It Has to Ring True
One of the critical pieces of the puzzle with positioning in business is that the path you take needs to be authentic and believable to the audience. In other words, you don’t want your attempts at positioning to make promises that you won’t be able to deliver on in the end. Is it possible for a tasty meal to offer a relaxing, fun night out of the house for your customers? Certainly. Is that meal going to change the entire rest of their life? Probably not. Being reasonable and authentic with your positioning will go a long way toward developing trust with the audience.
In this way, positioning is no different than anything else you do in business. No matter what it is, you always want it to be believable, and you always want the customer to have their experience match up with their expectations. As you work through your place in the market and try to decide how you’ll be positioned for the future, always keep this in mind and make sure everyone who comes into contact with your brand will buy your story.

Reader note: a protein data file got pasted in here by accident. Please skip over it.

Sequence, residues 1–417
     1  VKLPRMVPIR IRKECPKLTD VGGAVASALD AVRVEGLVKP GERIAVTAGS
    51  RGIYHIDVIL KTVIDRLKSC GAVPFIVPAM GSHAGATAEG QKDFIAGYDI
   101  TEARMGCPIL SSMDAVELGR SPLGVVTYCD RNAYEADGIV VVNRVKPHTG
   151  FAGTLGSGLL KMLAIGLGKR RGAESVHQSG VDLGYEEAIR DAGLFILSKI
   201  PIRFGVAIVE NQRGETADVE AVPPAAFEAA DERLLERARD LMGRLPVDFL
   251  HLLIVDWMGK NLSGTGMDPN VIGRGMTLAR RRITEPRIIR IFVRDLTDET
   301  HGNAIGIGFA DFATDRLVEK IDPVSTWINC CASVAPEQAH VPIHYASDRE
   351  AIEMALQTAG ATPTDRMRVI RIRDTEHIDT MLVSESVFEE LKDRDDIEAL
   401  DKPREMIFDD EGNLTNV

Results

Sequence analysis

Seeing the Bigger Picture
It’s easy to get dragged down into the day-to-day details of running a business, and in the process, you might lose sight of the bigger picture. When you are working on positioning it’s a good time to step back, take an overview of the landscape, and try to envision where things are going in the next few years. What changes do you see coming to your market? What opportunities might open up, or what threats could be lurking around the corner?
There is plenty of guesswork involved here, to be sure. However, it’s important to at least make some educated guesses, as you’ll then be able to think about how positioning is going to play a role in maintaining and growing your share of the market. If you expect a shift to take place relatively soon, you could try to get ahead of that shift by adjusting your positioning to match what you see happening in the market.